Of course the art circus in Miami has many rings, including dozens of satellite fairs and art “activations” in places both obvious and unexpected. The Argentine real estate developer and hotelier Alan Faena is in the process of single-handedly, it seems, rezoning central Miami Beach into a center of luxurious culture, or perhaps cultural luxury, with his hotel, record-price-setting condo development and in-works Rem Koolhaas-designed cultural center. To make sure his efforts did not go unnoticed, Faena sponsored a few happenings on the beach during Art Week, including our favorite, a reprise of the Assume Vivid Astro Focus Roller Disco that was first created in Buenos Aires. Though the rains and wind that plagued Art Week made scheduling a bit hit-or-miss (our attempted visit Saturday night landed upon a ghost disco), by sunny Sunday afternoon a bit of Xanadu magic was underway.
At the Design Miami offshoot of ABMB, a very friendly young marketing associate (of Brazilian descent no less) eagerly shared with us the Vik Muniz-designed sunglass display, commissioned by Selima Optique and Lizworks. For a cool $12,500, you could own the whole thing, in a limited edition of forty—all nine pairs, the display case and a custom storage case for each pair. It’s called Happy View, and if you can afford it, so it will be.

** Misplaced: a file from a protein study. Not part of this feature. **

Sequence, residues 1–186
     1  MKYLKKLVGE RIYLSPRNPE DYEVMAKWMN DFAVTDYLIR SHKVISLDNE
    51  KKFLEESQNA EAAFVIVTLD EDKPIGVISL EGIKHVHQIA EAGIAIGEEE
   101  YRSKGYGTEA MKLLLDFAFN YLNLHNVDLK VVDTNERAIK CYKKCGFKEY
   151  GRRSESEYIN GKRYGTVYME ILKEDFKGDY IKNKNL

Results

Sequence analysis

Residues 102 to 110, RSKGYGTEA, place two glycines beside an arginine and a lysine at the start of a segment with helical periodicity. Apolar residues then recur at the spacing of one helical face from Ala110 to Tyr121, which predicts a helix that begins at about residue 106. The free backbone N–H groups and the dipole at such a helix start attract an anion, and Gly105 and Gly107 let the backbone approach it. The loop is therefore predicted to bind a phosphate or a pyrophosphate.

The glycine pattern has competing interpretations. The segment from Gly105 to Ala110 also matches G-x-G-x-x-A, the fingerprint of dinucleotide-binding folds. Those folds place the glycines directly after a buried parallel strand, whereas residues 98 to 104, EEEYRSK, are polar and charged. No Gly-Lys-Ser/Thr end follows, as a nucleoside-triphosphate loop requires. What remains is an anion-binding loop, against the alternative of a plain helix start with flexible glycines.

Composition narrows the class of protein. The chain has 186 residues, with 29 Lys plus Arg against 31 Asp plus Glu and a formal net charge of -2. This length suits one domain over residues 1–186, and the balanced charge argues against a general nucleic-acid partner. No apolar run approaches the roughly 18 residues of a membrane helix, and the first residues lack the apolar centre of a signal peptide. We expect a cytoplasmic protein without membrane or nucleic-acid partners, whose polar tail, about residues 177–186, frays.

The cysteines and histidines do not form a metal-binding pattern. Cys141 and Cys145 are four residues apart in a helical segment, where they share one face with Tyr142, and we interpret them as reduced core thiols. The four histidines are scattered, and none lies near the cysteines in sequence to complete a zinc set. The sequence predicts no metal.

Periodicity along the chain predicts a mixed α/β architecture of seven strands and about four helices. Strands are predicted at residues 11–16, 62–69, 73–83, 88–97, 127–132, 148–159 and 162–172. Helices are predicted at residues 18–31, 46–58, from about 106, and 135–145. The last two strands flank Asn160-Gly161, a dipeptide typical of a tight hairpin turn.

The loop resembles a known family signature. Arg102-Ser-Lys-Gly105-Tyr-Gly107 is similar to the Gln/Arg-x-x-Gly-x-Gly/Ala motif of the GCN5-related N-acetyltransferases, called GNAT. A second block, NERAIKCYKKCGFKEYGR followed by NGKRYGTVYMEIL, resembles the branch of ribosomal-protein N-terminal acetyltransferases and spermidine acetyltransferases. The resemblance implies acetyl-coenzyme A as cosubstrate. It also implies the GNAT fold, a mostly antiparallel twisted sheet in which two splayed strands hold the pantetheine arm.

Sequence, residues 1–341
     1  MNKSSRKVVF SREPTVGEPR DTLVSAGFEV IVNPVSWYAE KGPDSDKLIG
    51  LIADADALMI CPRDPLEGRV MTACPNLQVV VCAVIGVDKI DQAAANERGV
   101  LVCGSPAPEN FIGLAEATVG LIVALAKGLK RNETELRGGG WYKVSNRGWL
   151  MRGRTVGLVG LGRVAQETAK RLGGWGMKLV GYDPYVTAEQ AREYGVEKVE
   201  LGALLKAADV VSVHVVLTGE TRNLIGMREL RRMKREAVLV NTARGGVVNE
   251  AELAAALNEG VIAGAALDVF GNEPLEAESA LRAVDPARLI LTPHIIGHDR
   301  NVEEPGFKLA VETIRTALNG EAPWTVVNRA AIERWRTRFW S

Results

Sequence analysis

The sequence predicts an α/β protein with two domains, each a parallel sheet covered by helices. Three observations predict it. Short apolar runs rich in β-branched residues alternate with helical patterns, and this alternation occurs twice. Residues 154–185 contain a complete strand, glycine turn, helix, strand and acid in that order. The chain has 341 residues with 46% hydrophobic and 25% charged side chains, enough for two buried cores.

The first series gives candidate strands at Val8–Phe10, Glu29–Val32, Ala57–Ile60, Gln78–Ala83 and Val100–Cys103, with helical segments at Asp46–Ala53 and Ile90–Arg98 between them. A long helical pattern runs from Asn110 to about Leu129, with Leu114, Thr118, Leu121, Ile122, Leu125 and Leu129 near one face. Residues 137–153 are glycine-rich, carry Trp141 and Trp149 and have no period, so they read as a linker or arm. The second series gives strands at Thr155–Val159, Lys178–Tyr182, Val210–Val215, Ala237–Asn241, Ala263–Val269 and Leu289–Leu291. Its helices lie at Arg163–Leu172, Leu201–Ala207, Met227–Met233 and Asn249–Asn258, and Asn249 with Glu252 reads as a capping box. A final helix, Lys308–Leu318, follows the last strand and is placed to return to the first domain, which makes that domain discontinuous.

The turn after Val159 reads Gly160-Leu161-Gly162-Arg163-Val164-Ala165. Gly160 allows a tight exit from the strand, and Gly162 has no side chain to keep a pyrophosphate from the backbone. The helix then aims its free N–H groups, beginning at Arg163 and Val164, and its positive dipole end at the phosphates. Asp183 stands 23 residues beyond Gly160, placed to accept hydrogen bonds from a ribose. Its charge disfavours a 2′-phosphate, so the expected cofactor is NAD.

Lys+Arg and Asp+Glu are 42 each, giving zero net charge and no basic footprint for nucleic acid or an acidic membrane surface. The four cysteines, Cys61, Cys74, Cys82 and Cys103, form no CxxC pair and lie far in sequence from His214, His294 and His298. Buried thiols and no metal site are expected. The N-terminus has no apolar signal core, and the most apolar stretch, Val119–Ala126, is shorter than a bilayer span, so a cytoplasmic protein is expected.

I did manage to get to mainland Miami for one day, lured by a lunch at the trendy Vagabond Hotel hosted by the foundation of Oswaldo Vigas, the late Venezuelan modernist, who will be the subject of a large retrospective arriving in São Paulo’s Museu de Arte Contemporanea da Universidade de São Paulo (MAC USP), opening in April. Though I was invited by the NYC art PR firm Susan Grant Lewin Associates, I sat at lunch with the enchanting Brazilian publicist Mai Carvalho, who told me she’d originally sent some of Newcity Brazil’s writers our way. Small hemisphere!